Diagnostic Efficacy of Cone Beam Computed Tomography in Paediatric Dentistry: A Systematic Review and Meta Analysis

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Dr.Rupa Chandini Dabbiru, Dr Anand Bhatnagar, Dr. Mimansha Patel, Dr Subhasini Singh, Dr. Sonu Acharya, Dr Kapil Paiwal, Dr. Ramanpal Singh Makkad


Background: Regarding the clinical use of CBCT, a sizable number of guidelines have been established, including referral guidelines (sometimes referred to as "appropriateness considerations" and "eligibility requirements"). Although they have been revised, they discovered very little information specifically on the use of CBCT in children.

Aim: This systematic review and meta analysis was carried out to evaluate the diagnostic efficacy of CBCT in children

Methods and Materials: Data were extracted from studies included in systematic review and meta analysis using standardized forms for evaluation of research quality including evidence synthesis. Two review writers independently extracted data for the key studies on diagnostic efficacy, and disagreements were found and discussed with a third independant reviewer wherever required. The following data were included in the information that was extracted: authors details with year and country of publication, clinical context under which the study was carried out, purpose of imaging, level of diagnostic efficacy, description of sample of study participants, study settings, main outcomes of study, strengths of study and weakness of study. The pertinent data was recorded using a specific form for the other study categories. Though they weren't properly reviewed, case reports with less than five distinct cases were compiled to show the usage. Meta analysis was then carried out

Results: 13 publications were included. According to systematic analyses of  research of diagnostic accuracy that were primarily conducted outside human body, CBCT can produce extremely high diagnostic levels of accuracy for root fracture in teeth that have not undergone endodontic treatment. The majority of studies involving the use of CBCT imaging compared to intraoral radiography showed minimal difference in diagnostic accuracy, and the evidence linking to CBCT with caries diagnosis was based primarily on ex vivo research. Acute dental infections were not indicated for CBCT based on any evidence of diagnostic effectiveness, and no pertinent guidelines could be located. According to the data, CBCT scanning is necessary before bone grafting because it enables a volumetric evaluation of the lesion. In perspective of radiation exposure, it is superior to CT.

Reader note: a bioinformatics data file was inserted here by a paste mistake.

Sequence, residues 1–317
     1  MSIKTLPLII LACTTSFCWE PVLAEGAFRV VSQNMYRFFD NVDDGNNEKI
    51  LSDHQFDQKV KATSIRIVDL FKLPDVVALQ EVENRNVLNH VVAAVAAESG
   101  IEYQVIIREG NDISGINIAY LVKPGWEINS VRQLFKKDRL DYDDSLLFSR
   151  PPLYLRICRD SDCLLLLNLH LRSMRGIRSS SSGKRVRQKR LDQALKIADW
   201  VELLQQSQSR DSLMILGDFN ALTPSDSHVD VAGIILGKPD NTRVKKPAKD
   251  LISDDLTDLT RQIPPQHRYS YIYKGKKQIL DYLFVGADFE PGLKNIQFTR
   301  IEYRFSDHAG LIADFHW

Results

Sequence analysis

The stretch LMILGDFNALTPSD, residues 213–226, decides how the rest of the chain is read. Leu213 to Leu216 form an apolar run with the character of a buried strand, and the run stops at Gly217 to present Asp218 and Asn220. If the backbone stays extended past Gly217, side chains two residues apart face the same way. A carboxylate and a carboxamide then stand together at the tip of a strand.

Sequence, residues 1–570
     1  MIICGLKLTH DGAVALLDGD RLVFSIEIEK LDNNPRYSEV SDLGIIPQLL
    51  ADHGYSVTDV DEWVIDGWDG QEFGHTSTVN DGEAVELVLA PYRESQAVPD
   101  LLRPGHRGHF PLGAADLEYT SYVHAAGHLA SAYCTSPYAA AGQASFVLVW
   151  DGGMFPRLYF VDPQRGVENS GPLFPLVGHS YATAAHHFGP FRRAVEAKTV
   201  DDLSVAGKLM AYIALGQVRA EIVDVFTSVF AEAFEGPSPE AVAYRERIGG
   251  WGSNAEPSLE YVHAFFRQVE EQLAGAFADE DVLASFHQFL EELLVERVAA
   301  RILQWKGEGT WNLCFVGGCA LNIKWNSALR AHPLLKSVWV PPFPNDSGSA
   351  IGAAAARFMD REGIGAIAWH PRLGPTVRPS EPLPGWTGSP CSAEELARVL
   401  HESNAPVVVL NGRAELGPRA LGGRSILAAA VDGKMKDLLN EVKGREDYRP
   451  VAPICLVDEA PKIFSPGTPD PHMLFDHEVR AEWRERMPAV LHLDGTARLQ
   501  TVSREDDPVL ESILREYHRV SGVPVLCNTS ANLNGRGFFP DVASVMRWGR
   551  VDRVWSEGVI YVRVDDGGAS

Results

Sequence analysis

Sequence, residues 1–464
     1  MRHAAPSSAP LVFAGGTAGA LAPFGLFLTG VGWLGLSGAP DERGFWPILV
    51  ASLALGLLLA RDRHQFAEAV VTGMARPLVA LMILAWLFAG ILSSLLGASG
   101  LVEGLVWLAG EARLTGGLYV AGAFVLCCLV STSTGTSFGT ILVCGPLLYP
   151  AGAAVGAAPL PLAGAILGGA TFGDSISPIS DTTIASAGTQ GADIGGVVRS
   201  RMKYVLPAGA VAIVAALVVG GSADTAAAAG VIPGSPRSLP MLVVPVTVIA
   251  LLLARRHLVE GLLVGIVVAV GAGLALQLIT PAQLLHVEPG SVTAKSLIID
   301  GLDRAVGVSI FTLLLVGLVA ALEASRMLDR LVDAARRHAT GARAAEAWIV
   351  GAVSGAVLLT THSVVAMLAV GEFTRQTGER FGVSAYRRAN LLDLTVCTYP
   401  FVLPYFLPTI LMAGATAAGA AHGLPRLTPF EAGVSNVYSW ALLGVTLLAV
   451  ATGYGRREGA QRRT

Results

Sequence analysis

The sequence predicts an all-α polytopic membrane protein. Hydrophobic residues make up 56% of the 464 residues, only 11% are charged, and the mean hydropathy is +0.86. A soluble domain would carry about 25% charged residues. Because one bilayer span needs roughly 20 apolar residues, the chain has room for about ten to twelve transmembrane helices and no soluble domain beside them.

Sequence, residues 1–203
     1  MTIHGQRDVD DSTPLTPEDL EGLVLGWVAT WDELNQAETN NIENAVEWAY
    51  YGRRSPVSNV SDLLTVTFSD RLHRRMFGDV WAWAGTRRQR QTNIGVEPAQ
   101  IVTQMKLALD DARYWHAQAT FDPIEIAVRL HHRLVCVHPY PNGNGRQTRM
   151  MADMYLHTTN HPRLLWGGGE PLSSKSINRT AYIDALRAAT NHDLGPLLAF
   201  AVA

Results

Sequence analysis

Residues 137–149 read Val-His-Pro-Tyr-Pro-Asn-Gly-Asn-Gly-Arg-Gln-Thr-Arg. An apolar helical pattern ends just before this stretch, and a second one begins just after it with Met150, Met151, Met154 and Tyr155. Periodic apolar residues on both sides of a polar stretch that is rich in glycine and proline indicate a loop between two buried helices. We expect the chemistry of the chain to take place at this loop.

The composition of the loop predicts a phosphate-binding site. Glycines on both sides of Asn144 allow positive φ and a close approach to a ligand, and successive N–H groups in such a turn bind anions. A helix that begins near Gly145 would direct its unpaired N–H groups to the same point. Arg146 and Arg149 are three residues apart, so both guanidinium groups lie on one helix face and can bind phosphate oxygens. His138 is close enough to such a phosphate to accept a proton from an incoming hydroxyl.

Conclusion: CBCT can be useful in cases of acute infections of dental origin where traditional radiography technique is not able to indicate about the location of lesion even though there are signs regarding presence of lesion in bone. CBCT is useful in situations when traditional radiographic technique fails to locate suspected fracture of root in teeth having no previous history of endodontic management and subsequently provide adequate assistance in treatment planning.

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